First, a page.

Cannabis Companies And The Future Of Energy

Cannabis companies are going big in 2021. That growth, however, needs to be managed effectively and sustainably. 

One of the most challenging elements of any new business is understanding how to make money. That seems elementary, but once the ribbon is cut and the lights are turned on, many businesses are suddenly aware of the constant expense of keeping the doors open. For cannabis growers, the margin that matters isn’t on the retail side. Today, the competitive nature of the market means prices are lower than ever, and even smaller markets, once isolated, are turning into a fight to get products to consumers at ever-lower prices. 

Market share matters, but the long-term success of the company is determined on the grow table. Consumers simply don’t understand just how energy-intensive cannabis production can be. One the retail floor, they see a price tag; they don’t see the energy cost, the product margin, or the long-term environmental differences between two products grown by two different companies. 

Increasing margin also improves the sustainability of the product and the long-term competitiveness of a company. That’s because so much of the cost of cannabis production comes from energy. One county in Colorado tried to examine just how much more energy-intensive cannabis is. For example, they found that a 5,000 square foot grow facility demands 41,808-kilowatt hours per month; the average home requires just 630. 

In a sense, the legalization of cannabis in most US states and the possibility of federal legalization in this administration is creating a perfect storm. Just as the world needs to find new ways to reduce their energy consumption to meet climate goals and fight climate change, we’ve essentially unleashed one of the most demanding energy industries in the history of the planet.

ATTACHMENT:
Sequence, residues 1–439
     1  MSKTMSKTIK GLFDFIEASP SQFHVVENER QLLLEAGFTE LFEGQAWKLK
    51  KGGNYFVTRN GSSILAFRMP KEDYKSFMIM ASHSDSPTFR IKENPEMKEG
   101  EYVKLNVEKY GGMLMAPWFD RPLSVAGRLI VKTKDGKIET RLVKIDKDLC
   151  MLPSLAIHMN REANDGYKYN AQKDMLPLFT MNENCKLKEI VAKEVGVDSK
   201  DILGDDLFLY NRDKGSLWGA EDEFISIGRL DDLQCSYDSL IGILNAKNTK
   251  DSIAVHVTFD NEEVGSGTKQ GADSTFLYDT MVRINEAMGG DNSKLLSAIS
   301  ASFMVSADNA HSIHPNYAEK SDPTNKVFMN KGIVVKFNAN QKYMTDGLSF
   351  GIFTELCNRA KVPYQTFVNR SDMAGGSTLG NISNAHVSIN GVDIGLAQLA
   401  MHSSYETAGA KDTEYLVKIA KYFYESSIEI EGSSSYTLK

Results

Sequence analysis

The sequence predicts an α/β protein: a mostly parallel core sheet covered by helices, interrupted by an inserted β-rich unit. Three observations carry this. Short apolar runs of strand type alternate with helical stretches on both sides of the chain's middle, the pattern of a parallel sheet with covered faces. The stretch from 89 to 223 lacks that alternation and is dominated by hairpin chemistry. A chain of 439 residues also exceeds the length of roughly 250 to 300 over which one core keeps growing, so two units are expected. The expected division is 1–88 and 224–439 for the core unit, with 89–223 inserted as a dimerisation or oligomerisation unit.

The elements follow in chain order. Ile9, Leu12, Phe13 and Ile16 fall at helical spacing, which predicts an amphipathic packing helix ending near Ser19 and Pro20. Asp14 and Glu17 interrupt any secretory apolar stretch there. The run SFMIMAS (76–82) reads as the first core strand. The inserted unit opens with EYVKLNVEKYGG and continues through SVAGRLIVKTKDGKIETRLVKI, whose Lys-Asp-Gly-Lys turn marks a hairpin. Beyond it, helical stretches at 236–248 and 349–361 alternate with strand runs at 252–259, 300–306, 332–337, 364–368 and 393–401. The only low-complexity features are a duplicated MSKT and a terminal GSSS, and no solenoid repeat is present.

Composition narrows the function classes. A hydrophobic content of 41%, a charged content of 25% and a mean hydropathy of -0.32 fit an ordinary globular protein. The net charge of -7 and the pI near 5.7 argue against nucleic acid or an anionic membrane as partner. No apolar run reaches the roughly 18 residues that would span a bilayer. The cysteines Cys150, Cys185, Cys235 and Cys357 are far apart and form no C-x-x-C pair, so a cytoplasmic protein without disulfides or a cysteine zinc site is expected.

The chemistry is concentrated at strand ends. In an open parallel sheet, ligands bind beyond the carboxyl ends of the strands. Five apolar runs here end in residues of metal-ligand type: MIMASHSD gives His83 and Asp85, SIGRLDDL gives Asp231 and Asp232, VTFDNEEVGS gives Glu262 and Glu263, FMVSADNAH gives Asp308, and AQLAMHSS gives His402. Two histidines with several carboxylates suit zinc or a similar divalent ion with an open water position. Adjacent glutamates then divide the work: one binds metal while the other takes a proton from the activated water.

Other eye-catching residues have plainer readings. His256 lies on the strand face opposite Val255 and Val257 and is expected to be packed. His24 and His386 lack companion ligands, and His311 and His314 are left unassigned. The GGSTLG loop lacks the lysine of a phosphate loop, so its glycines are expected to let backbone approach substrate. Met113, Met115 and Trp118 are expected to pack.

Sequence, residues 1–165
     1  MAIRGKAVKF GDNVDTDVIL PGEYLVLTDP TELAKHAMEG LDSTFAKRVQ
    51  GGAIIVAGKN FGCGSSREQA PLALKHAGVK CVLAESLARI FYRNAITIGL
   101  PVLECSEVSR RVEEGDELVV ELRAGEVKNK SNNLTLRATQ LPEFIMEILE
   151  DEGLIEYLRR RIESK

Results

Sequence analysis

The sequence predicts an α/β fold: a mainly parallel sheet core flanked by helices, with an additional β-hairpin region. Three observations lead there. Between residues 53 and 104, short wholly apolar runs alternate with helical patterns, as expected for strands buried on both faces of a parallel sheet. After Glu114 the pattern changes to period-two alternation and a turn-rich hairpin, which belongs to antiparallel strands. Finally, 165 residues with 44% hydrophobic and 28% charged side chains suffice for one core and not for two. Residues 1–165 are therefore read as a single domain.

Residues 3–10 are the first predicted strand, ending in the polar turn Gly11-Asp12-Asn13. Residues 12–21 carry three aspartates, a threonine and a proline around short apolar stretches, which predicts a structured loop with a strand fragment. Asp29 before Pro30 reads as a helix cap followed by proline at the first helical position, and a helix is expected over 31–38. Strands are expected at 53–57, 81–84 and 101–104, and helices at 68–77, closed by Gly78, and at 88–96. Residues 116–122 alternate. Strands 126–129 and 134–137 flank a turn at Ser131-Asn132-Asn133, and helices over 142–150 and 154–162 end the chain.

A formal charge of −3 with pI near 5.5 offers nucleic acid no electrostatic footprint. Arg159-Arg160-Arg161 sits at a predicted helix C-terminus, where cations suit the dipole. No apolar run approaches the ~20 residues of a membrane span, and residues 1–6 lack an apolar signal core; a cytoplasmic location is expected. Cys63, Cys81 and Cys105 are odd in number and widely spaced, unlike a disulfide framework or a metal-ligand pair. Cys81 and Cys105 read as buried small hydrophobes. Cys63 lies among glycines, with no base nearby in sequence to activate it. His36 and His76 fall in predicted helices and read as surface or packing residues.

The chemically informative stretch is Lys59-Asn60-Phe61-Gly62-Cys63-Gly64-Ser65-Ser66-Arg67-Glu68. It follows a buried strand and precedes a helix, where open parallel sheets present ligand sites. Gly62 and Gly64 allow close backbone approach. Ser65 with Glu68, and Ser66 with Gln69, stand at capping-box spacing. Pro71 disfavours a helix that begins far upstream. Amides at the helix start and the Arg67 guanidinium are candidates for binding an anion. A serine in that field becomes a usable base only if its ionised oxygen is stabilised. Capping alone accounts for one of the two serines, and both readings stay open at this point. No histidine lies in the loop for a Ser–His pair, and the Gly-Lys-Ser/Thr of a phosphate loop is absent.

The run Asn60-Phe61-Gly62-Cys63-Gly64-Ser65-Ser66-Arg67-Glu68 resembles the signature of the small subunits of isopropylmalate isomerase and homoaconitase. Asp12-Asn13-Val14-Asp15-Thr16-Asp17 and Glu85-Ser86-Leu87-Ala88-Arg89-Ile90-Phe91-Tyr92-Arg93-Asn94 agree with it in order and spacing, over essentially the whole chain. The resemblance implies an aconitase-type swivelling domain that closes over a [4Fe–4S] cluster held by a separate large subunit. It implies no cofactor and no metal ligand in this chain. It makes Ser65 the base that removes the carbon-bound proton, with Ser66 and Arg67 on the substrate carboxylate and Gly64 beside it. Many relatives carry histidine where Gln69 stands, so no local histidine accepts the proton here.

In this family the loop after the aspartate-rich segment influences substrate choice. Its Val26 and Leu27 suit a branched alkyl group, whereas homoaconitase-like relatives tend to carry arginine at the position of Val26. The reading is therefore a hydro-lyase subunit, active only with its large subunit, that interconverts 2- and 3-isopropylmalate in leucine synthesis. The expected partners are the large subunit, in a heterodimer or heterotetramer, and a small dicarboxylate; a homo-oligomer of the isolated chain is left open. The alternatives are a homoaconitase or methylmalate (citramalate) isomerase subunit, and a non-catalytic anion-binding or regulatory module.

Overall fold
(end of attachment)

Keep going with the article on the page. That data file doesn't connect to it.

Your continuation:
States are working to limit the amount of energy that goes into growing. For example, Massachusetts has introduced legislation that limits the amount of power used per square foot, lowering the threshold from 40-45 kilowatts to 36. Maine is offering growers state grants that can be used to invest in more energy-efficient equipment. 

We’re at a point in the cannabis industry where we all need to evaluate our role in the direction of the planet and the economy. We have an outsized footprint on energy consumption that will only become more pronounced as legislation opens up more products and new markets. A decade ago, cannabis production was already reported to demand 1% of the country’s energy consumption. In California, that number has long-since eclipsed 3%. We need to decide whether our industry is justifiable as we cross the 3 or 5 or 7 percent mark nationally; if we’re going to keep growing, the priority should be on sustainability first, then expansion. 

Let us evaluate and improve your cannabis facility. Let’s talk.